In the most recent case, I feel like I’ve finally cracked the problem of my second novel. For a month or so I’ve been trying to revise an older novel (my pop star novel), but something always felt wrong with it. In fact, something felt wrong in the initial draft, too. I never felt like the protagonist had sufficient motivation for doing what she did (walk off the set of a TV show she was filming). It always felt more like something I’d mandated than like something that flowed organically from the character. In the initial draft, I papered over that problem by attributing everything to the voice of God. You see, God tells her that she needs to leave her show, so she does. But that’s unsatisfying, because it’s so external. In fact, the story only works if God is a hallucination, and it’s actually a reflection of her own desires. But in that case, the story I’d written felt too distant. Because of the voice of God conceit, the character never had to integrate and own up to her own desires.

So I’ve been trying and failing to figure out who this person was. I just didn’t get it. I worked on it from all kinds of angles, trying everything. Mostly, I tried to make her a little spunkier and a little less hapless (more hap?), since, in my opinion the main problem with her was that she was too passive. But it’s one thing to make a heroine more active–it’s an entirely different thing to figure out what she needs to be active about.

But today, while driving home, I had a realization. My elevator pitch for the book used to be: A pop star is filming a television show when she suddenly hears a mysterious voice telling her that what she’s doing is sinful and wrong. After deciding that the voice is the voice of God, she walks off the set.

Now, say what you want about that book, but it’s a book that’s about something. Whereas now I had zero elevator pitch. I was actually unable to say anything about my book beyond A pop star walks off the set of a television show.

Why? Why did she walk off? What could possibly make her want to leave?

Once I framed it that way, I was able, pretty rapidly, to come up with a new elevator pitch: After complaining about a distasteful scene she’s been asked to film for her show, a sixteen year old actress walks off set when she realizes that the people around her have zero respect for her abilities–they see her as nothing more than a body.

There. That’s it. Pretty simple. Is it good or not? Will I be able to write it? Will my editor and publisher like it? I have no idea! But at least it’s an actual story.

After getting that down, I was able to sit down and write out the entire synopsis. It heavily draws upon the synopsis for my first draft of the book, but in this case the story has a solid backbone. There’s both an external story: Will she beat the studio and get her own way? And there’s an internal story: Does she actually have any talent?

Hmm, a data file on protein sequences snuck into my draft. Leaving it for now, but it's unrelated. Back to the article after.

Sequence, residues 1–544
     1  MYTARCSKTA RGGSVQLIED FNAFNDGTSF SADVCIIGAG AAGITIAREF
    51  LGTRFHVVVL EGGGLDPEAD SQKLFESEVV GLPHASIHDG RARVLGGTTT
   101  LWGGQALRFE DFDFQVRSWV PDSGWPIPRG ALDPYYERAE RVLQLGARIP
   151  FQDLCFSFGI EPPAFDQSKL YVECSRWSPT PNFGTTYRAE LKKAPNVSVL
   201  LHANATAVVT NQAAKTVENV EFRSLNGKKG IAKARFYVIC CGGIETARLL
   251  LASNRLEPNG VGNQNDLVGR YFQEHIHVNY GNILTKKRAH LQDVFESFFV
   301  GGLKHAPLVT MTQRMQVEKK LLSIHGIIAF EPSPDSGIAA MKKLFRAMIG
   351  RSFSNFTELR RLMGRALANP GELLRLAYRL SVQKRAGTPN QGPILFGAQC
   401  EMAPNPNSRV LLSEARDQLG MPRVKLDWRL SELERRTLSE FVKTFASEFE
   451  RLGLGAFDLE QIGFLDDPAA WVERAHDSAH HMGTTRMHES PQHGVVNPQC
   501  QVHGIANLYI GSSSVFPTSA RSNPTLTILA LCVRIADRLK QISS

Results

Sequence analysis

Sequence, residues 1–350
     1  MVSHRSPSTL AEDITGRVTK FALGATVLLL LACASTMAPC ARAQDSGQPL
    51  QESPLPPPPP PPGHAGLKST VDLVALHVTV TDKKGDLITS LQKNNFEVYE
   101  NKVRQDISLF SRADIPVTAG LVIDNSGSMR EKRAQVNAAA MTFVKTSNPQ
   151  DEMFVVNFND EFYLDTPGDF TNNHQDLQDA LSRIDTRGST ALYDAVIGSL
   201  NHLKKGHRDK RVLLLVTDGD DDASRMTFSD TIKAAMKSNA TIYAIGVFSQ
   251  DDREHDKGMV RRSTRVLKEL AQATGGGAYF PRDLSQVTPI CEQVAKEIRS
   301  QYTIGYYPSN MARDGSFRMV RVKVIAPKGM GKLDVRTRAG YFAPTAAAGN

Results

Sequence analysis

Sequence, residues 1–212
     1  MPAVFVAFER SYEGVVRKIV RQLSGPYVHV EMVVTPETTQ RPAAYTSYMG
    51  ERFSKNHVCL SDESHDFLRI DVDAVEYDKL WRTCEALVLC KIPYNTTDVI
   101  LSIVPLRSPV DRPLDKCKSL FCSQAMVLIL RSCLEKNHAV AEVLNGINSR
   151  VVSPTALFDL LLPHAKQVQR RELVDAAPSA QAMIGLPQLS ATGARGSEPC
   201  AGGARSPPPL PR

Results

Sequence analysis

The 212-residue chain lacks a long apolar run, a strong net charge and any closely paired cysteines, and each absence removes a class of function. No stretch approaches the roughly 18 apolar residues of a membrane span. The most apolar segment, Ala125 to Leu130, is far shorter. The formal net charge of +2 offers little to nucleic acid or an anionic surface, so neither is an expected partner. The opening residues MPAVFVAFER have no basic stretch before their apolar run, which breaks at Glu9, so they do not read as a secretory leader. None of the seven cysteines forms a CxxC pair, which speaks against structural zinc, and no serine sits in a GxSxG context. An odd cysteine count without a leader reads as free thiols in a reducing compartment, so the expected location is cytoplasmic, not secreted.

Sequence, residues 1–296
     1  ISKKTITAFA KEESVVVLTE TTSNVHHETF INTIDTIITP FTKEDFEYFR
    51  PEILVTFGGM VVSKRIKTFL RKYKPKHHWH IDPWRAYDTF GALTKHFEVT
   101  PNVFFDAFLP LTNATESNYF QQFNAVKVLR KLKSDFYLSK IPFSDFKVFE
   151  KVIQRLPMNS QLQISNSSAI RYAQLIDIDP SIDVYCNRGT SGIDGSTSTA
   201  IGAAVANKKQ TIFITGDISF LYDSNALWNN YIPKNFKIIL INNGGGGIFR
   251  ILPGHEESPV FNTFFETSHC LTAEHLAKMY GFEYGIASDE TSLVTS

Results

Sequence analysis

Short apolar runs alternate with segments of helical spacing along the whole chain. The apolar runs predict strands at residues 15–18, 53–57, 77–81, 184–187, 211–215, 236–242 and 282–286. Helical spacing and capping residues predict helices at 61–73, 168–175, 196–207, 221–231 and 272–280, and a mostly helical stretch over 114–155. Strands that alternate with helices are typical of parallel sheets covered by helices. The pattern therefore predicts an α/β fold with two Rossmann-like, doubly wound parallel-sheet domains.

And the two stories work in concert, because the internal story is the key to the external story. If she has talent, then she ought to keep fighting the studio. Whereas if she’s nothing more than a manufactured sensation, then she ought to give up and let them do what they want.

I also wrote down that critical first scene! In it, she’s having a very carefully supervised phone call with her mother, where the mother tells the actress that her show is sinful and wrong.

So yeah, who knows. It’s entirely possible that I’ll wake up tomorrow and realize that EVERYTHING IS COMPLETELY WRONG. But maybe I won’t!

The broader point is: how did I work on this draft for a month (and on this novel for close to a year and a half) without ever realizing that it didn’t have a character arc?

I really can’t say. Writing novels is hard! It’s really easy to get bogged down in details! In this case, I kept getting short-circuited by all the story-within-a-story parts. I could write the actress parts fine, but whenever I had to write about her TV show, I just got dreadfully bored, because it seemed to have no relevance to anything. I realized, quickly enough, that the problem was that the show-within-a-show parts didn’t advance the central story, so I kept trying to figure out ways for it to matter more. What I didn’t realize, though, was that I was looking at it backwards. I couldn’t write a good story-within-a-story until I figured out what really mattered to the character.

After I’d figured out what the novel was actually about, the story-within-a-story came together pretty quickly (it’s a Game of Thrones analogue–the actress plays the Sansa character).

Whenever I feel tempted to comment about stuff, I try to remind myself that for some people these issues are deadly real

Red_Sunset_by_Mariposita1I am a serious person. I am well educated. I am articulate. I have many thoughts and opinions about things. Today, for instance, I had a very good conversation with a friend of mine (Danielle) wherein I made what I thought were some very salient and interesting points on the comparison between transracial and transgender identities (the conversation spurred by Rachel Dolezal’s story being juxtaposed with Caitlyn Jenner). I think there is nothing wrong with discussing these things or having opinions about them, and I encourage people to do so.